By Andrew Ward and Elizabeth Rigby in London and Ed Hammond in New York
Pfizer plans to sweeten its £60bn takeover approach for AstraZeneca, increasing pressure on its UK rival to enter talks on creating the world’s largest drugmaker.
Ian Read, Pfizer chairman and chief executive, returned to New York yesterday to plot his next move after two days of meetings in London aimed at winning support from the government and the City for the biggest foreign takeover of a UK company.
Two people close to the company said that an increase on its initial offer could come within days. “We want to get AstraZeneca to the table, and to do that there will need to be a higher offer,” said one.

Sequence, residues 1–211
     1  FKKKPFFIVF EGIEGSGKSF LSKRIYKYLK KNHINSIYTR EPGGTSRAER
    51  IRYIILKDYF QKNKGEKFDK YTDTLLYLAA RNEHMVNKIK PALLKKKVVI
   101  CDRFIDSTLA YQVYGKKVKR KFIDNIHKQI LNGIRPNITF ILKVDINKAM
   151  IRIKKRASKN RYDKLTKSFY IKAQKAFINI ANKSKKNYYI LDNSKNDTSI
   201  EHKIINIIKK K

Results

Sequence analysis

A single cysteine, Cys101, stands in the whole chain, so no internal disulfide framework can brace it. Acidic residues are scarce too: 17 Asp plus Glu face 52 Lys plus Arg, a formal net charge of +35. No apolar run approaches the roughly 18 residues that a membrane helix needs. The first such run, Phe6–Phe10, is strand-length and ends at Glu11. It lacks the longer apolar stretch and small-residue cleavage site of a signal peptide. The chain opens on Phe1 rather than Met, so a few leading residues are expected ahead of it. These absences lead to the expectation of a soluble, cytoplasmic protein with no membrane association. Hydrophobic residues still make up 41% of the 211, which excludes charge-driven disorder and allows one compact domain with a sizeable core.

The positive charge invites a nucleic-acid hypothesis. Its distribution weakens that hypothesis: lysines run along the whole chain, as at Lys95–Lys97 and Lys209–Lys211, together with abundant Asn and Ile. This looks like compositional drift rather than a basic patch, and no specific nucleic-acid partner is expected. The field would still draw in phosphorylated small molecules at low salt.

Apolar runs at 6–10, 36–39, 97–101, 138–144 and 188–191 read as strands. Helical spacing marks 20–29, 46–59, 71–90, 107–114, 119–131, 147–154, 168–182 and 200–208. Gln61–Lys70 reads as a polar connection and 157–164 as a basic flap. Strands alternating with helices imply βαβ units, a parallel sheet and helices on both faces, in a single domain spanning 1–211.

Pfizer revealed its interest in AstraZeneca on Monday after Britain’s second-biggest drugmaker rebuffed an informal £46.61 a share offer in January.
Analysts and investors say the offer would have to be increased above £50 per share to stand a chance of coaxing AstraZeneca into talks and would have to include more cash. On Thursday AstraZeneca shares rose 2.75 per cent to £47.92.
However, David Cameron, UK prime minister, faced further pressure to intervene.
Lord Sainsbury, former Labour science minister and a British philanthropist, said Pfizer had a record of asset- stripping and pointed out that the group had cut 1,500 research and development jobs at one of its UK facilities three years ago.
Any assurances made on UK jobs and investment would be “frankly meaningless”, he said. “It is clear to me that this proposed takeover is going to deal a devastating blow to our profile in the pharmaceutical area, which I think is going to be critical in the next 30 years.” (FT)